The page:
Was your hearing better when you were younger? Did you know that 25% of people between 55 and 64 experience hearing loss associated with aging? Almost 50% of people over 65 have lost some hearing. Why? In addition to normal aging, chronic exposure to loud noises such as truck engines, industrial machinery, and highly amplified music may be to blame.
Even without an official diagnosis, you may recognize a hearing issue if you: have difficulty understanding words in a noisy environment or a crowd; have difficulty distinguishing between consonant sounds; find others’ speech muffled; frequently ask people to repeat what they’ve said, or to speak more clearly, loudly or slowly; need to turn up the volume on the radio/TV; avoid conversations because they are too difficult to follow; and/or avoid social interactions.
When these symptoms interfere with your work or daily life, a professional can help identify where and why your hearing is affected. All three areas of your ear – outer ear, middle ear, and inner ear – are vital and must function well for optimal hearing to occur.
For hearing, sound waves must pass through the outer ear and travel to the eardrum and three small bones of the middle ear (hammer, anvil, and stirrup), which amplify the vibrations as they move to the inner ear. In the inner ear, the vibrations then pass through fluid in the cochlea (a snail-shaped structure) whose nerve cells have thousands of tiny hairs that translate sound vibrations into electrical impulses that get transmitted to your brain for interpretation.
Issues in any area can impact your ability to hear properly. For your outer or middle ear, ear infections and abnormal bone growths or tumors can lead to hearing loss. As well, your eardrum could rupture due to loud blasts of noise, sudden changes in pressure, infection, or being poked with a sharp object. Or, your ear canal may become blocked by a buildup of ear wax, preventing sound waves from being conducted to the eardrum. Or, your eardrum’s ability to vibrate effectively may diminish due to scarring and thickening caused by frequent, untreated ear infections and/or long-term exposure to excessive noise.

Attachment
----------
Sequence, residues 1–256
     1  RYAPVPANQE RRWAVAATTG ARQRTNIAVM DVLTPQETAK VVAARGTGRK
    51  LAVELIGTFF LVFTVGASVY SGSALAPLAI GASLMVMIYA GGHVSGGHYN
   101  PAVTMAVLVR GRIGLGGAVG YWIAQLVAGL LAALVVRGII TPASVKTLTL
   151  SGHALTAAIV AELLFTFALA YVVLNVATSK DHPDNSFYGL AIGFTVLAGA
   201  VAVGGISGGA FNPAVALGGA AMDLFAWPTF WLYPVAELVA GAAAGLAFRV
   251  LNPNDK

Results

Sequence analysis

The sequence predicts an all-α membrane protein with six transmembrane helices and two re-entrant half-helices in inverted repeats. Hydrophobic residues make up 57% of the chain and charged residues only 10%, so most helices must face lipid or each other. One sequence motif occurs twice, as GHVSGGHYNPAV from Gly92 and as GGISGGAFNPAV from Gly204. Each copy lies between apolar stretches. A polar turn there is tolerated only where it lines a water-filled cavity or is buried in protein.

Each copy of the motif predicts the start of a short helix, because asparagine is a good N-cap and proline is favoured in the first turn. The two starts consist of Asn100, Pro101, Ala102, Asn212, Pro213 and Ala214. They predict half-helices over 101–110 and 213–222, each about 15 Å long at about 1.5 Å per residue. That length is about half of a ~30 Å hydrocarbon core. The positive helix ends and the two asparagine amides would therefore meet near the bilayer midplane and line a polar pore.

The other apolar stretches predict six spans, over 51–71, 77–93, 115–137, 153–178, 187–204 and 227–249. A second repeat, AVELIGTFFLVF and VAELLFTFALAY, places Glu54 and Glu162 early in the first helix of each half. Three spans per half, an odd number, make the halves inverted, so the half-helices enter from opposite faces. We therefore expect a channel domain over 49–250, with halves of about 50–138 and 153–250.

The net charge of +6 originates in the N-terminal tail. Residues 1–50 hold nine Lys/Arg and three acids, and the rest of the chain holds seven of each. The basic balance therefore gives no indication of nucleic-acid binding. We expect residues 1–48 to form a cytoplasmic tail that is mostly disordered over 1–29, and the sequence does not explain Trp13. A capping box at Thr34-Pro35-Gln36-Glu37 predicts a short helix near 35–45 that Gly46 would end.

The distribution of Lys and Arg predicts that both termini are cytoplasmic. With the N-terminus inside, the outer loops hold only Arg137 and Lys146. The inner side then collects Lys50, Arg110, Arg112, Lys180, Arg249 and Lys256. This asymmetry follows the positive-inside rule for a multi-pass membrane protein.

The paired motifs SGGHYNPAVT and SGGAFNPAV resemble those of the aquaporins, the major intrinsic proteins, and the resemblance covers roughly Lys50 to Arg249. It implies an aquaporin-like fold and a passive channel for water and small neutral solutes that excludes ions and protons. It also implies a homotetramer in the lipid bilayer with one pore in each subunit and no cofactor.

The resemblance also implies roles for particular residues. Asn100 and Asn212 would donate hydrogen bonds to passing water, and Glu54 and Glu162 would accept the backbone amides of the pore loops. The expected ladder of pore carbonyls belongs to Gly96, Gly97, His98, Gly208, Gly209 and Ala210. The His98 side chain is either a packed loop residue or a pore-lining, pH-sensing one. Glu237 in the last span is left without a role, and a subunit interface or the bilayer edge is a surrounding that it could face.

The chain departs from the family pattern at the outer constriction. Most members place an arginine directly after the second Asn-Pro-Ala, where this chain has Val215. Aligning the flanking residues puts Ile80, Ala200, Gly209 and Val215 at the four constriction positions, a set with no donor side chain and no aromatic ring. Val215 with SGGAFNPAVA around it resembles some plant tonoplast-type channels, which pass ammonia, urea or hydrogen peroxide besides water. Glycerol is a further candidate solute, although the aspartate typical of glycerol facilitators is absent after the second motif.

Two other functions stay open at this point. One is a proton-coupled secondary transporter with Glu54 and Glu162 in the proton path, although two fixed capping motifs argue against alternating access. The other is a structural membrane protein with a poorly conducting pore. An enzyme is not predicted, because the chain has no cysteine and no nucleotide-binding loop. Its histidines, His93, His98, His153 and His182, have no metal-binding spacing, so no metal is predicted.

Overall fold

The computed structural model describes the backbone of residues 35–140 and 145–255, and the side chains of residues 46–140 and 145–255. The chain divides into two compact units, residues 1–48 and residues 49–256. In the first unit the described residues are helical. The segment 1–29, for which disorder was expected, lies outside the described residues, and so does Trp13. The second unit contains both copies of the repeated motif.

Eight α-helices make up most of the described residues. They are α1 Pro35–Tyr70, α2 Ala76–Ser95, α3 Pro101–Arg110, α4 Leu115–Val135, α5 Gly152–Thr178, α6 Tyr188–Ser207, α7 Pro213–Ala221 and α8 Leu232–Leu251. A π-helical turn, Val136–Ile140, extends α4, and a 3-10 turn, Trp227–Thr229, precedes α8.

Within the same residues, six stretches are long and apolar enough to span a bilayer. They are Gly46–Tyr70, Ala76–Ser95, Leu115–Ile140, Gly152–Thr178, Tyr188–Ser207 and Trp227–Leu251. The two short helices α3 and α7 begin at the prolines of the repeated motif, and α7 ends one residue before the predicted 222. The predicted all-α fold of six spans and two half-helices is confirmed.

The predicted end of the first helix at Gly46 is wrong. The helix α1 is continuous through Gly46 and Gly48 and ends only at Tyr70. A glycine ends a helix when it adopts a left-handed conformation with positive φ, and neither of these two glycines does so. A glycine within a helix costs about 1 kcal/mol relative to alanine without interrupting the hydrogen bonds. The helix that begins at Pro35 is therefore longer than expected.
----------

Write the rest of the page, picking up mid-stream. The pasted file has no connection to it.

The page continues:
For your inner ear, damage from normal aging or exposure to loud noise can impact the ability of the hairs or nerve cells in the cochlea to send sound signals to the brain efficiently. When these hairs or nerve cells become damaged or are absent, electrical signals misfire, resulting in hearing loss. Higher pitched tones, in particular, may sound muffled, making it difficult to distinguish words against background noise.
Hearing loss has a number of risk factors. Normal aging breaks down the delicate structures in the inner ear. Illnesses accompanied by a high fever, such as meningitis, may damage your cochlea. Some antibiotic medications and chemotherapy drugs may damage your inner ear. Even high doses of aspirin, other pain relievers, anti-malarial drugs or loop diuretics may cause temporary tinnitus (ringing in the ear) or hearing loss.
Extended exposure to loud occupational or recreational noises, such as trucking, construction, farming, factory work, snowmobiling, motorcycling, and amplified music is also damaging. Unfortunately, for people with hereditary, sensorineural hearing loss, hearing loss is irreversible.
Although it is not possible to reverse many kinds of hearing loss, it is possible to protect your ears and avoid further damage by wearing specially designed, noise-canceling earmuffs that resemble earphones to reduce most loud sounds to an acceptable level while working or engaging in noisy activities; or, by using foam, pre-formed or custom-molded earplugs made of plastic or rubber, which are also effective.
Since truck driving is an identified hearing risk, schedule yearly hearing tests to discover early hearing loss. If advised, consider optimizing your hearing by having earwax blockages removed; having tubes surgically inserted into your eardrum to allow it to vibrate freely; wearing hearing aids; or receiving a cochlear implant.
Keep your hearing safe and sound.
Karen Bowen is a professional health and nutrition consultant, and she can be reached at firstname.lastname@example.org.